Andrew Stott's Comedy (The New Critical Idiom) PDF

By Andrew Stott

ISBN-10: 0415299330

ISBN-13: 9780415299336

What's comedy? Andrew Stott tackles this question via an research of comedian varieties, theories and strategies, tracing the ancient definitions of comedy from Aristotle to Chris Morris's Brass Eye through Wilde and Hancock. instead of trying to produce a totalising definition of 'the comic', this quantity specializes in the importance of comedian 'events' via examine of assorted theoretical methodologies, together with deconstruction, psychoanalysis and gender concept, and offers case stories of a couple of subject matters, starting from the drag act to the simplicity of slipping on a banana pores and skin.

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Sample text

Frye’s account is both convincing and symmetrically satisfying, but it brings with it two key objections. The first is the extent to which comedic structure is privileged over content, the degree that his discussion of varied and distinct plays can become a list of titles whose similarity rests on their final reconciliations. This is a shortcoming of all structuralist and narratological critical practices, and in mitigation it should be noted that Frye’s project aims to study structural similarities and not offer close readings of individual texts.

With this device, the conflicting claims of private passion and social responsibility are neatly reconciled, for the waywardness of desire proves to be illusory. The impulse that aspires to the forbidden is domesticated, gratified without danger to public convention, and thus the threat to the city-state ideal of a closed conjugal group is averted’ (Konstan, 1983:24–25). Given that these narratives tend towards the reinforcement of family ties and the maintenance of dynastic status, supporting the privilege of a racially homogenous group in an ethnically diverse empire, stereotypical characterization might be seen as a reassuring ploy that confirms a hegemonic view of the world, and appeals to the comprehensive systems of taxonomy and categorization that existed in Roman intellectual life.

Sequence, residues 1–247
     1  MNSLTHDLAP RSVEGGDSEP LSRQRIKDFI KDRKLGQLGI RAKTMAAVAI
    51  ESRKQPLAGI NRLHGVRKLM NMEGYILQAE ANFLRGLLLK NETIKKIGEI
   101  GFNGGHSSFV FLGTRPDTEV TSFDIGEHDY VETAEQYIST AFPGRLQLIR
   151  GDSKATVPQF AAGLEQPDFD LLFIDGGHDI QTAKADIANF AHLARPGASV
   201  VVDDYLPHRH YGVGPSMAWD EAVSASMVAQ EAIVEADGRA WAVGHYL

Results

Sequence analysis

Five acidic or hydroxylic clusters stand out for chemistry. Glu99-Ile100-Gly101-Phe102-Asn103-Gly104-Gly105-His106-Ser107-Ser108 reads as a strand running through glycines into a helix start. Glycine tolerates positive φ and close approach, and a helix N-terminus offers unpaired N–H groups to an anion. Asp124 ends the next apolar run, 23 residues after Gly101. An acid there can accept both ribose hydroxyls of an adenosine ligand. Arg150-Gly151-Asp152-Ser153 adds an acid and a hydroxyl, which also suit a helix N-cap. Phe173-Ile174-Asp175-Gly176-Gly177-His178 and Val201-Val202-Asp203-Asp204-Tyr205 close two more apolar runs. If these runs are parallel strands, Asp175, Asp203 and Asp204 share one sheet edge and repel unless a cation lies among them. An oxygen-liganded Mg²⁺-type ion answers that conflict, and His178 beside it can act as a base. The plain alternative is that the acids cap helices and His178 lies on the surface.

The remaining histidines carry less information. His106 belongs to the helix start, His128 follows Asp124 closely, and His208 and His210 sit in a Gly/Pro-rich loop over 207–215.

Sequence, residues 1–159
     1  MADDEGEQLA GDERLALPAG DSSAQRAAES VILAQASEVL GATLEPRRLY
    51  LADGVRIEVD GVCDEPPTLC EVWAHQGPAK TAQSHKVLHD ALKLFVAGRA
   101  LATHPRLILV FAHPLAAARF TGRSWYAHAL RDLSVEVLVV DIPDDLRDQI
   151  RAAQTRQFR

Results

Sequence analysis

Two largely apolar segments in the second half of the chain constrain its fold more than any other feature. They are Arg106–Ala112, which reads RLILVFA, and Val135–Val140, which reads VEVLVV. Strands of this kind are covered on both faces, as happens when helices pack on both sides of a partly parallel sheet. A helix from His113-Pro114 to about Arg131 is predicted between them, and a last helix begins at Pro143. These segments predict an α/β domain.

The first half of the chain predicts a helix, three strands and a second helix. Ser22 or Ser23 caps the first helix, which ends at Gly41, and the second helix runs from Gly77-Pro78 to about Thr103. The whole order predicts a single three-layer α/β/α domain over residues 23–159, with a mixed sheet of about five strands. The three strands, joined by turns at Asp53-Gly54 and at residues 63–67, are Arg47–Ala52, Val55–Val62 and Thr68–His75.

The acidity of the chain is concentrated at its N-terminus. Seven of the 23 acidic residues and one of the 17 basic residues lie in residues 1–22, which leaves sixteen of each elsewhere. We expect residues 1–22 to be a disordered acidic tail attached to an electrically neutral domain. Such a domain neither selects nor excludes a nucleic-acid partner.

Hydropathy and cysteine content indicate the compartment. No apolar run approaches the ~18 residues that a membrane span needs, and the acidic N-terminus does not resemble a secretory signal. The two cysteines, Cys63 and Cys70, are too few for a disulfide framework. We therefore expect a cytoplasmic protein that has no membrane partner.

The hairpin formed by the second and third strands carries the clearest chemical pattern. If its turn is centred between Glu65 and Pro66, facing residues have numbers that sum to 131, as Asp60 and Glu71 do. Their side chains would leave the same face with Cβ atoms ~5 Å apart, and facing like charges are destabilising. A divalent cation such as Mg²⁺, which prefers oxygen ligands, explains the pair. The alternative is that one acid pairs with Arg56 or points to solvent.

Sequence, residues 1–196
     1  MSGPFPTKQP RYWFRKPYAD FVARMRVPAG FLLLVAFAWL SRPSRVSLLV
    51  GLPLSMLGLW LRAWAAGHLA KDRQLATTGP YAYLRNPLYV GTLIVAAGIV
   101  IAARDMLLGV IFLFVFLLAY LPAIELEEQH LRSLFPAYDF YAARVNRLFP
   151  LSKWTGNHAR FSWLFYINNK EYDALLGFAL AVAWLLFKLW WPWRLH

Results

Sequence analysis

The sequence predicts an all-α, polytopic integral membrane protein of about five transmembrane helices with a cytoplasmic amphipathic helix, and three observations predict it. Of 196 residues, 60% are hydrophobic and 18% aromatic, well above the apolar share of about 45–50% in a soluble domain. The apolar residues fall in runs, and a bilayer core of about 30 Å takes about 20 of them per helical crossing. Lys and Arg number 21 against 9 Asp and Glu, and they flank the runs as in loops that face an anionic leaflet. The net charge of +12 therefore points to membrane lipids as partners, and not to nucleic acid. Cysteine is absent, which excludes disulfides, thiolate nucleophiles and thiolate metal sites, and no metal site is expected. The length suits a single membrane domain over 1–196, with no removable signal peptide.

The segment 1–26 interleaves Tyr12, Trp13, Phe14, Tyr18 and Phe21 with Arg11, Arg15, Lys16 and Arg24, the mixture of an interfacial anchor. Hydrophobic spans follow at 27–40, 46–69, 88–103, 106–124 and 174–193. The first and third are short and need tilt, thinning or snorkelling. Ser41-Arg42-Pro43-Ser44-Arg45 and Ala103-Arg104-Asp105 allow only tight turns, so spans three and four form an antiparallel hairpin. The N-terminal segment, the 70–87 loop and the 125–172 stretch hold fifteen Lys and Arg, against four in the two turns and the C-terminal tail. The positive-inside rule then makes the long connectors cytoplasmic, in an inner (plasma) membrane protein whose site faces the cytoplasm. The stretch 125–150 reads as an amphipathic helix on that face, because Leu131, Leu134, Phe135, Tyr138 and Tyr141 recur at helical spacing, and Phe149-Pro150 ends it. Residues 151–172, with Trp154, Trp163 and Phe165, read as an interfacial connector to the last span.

Both Boccaccio (1313–75) and Chaucer (c. 1343–1400) were interested in the textures and possibilities of comedy and tragedy, yet neither was a dramatist. The clearest example of the broadening of the term in the medieval period is the title of Dante’s Divine Comedy (begun c. 1314), a poem that contains little that may be described as humorous. Structurally, however, Dante’s poem, like Greek and Roman comedy before it, moves out of ignorance to understanding and towards a happy conclusion, or in terms of its theological framework, from despair to eternal life.

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Comedy (The New Critical Idiom) by Andrew Stott

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